By the time you read this post, our new semester will be well underway. Festive social occasions have been replaced by reading, typing, and juggling multiple roles and responsibilities. Welcome back to being an adult learner! You’re in good company. Sometimes we don’t realize just how many of us are out there, especially when we’re studying quietly at home in front of a computer instead of being among a group of learners in a classroom.
My name is Debra Mynar, but most people know me as Deb. I am currently studying Adult Education and Distance Education in a graduate program here at World Campus. It has been over four years since I walked back into the local admissions office after a 20 year hiatus and, in May 2010, I was among the first group of graduates from the Psychology degree programs.
My experience as a returning adult learner has fundamentally changed the person that I am and, eventually, helping other adult learners on their journeys became a vocation that I could not deny.
Tips for connecting with peers:
- Don’t be Afraid. Reach out to other learners. Your peers are a rich information resource and many of them will be happy to help. After all, they know how it feels! Most courses have an open discussion forum where students can “talk.” I see this as a real advantage to online learning because you can ask a question at midnight if you need to! You don’t have to wait for the next class period!
- Make Connections. Use the introduction posts to connect with other learners and make a special note when you find someone with a similar background or interest. Get to know them better by asking questions, just like you might do if you sat next to each other in a lecture hall.
- Keep Them Growing. After you have closed the books on a few classes, check the course roster and introduction posts for familiar names. Reconnect directly through course email and you already have the beginning of a study group!
- Make it Social. Once you have made connections inside ANGEL, consider connecting outside of ANGEL. If you use any of the popular social networking sites, interacting with peers outside of the course gives you an opportunity to get to know each other on a more social level.
- Connect Outside Your Courses. Speaking of social networking sites, visit the World Campus page on Facebook and post your interest in connecting with other World Campus learners. This will give you the opportunity to connect with learners that you may have never encountered in your classes.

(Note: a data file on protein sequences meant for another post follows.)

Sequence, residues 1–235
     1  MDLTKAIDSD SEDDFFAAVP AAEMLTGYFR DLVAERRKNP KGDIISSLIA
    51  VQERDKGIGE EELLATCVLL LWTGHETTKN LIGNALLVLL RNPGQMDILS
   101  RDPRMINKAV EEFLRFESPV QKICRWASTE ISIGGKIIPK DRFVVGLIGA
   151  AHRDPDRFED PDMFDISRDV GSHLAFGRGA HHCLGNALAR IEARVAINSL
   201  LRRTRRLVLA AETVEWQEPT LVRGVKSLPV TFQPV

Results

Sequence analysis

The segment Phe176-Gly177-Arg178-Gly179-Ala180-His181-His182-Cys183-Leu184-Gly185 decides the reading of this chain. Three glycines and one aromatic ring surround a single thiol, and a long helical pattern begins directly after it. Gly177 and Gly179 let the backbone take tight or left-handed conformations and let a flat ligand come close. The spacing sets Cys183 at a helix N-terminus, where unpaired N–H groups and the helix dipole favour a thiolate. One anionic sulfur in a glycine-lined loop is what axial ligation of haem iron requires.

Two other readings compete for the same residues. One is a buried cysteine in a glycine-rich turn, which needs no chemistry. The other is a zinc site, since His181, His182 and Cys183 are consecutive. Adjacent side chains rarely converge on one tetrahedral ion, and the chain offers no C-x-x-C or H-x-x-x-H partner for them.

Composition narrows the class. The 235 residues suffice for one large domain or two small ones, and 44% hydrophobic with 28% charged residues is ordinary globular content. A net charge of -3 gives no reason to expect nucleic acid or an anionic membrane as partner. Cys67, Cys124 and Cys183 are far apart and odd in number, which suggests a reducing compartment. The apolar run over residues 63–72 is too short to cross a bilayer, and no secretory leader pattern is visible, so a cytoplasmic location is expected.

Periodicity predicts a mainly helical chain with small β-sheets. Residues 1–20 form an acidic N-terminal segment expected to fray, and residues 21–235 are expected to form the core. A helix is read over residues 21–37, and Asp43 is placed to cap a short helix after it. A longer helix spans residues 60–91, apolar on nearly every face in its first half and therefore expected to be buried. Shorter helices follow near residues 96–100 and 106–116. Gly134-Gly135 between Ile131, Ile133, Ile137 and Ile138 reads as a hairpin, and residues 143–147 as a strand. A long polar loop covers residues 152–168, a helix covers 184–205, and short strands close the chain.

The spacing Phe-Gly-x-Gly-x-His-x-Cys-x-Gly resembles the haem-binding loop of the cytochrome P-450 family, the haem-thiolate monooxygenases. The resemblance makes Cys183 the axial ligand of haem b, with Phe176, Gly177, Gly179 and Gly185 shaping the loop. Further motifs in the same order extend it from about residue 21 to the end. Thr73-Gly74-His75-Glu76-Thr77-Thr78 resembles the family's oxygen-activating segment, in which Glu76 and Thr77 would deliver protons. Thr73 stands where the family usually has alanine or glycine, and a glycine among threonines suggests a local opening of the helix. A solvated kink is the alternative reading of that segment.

- Pay it Forward. Once you have your own support network in place, don’t forget to reach out to new students. They will appreciate a word of encouragement from you!
Tips for connecting with faculty and staff:
- Be Assertive. Reach out to your instructors through e-mail by asking pertinent questions. If you have a question on the material that falls outside the scope of the course, ask the instructor privately.
- Express an Interest. If you have an interest in learning more about a specific knowledge area, then voice it and ask your instructor to recommend additional resources.
- Make a Good Impression. If you want to be remembered, then go the extra mile. Respond when your instructor asks a question. Be an active member in your learning community!
- Get Involved. Be open to new opportunities. When you get involved, you broaden your learning network and meet new people! Attend a Blue & White meeting, join a committee working on the World Campus fundraising effort for THON, check out available clubs, or start a study group!
Considering my own research focus on building online learning communities, anyone who knows me as an adult learner might be surprised to learn that I am an introvert. Though I usually shy away from social gatherings, I will always fondly remember my first opportunities to finally meet people in-person after becoming friends online.
From several fellow learners and friends, to my academic adviser, to mentors, to the professor who handed me my diploma, my own experiences are proof that it is possible to build quality relationships with peers, faculty, and staff when studying in an online learning environment. Take that first step. It’s worth it!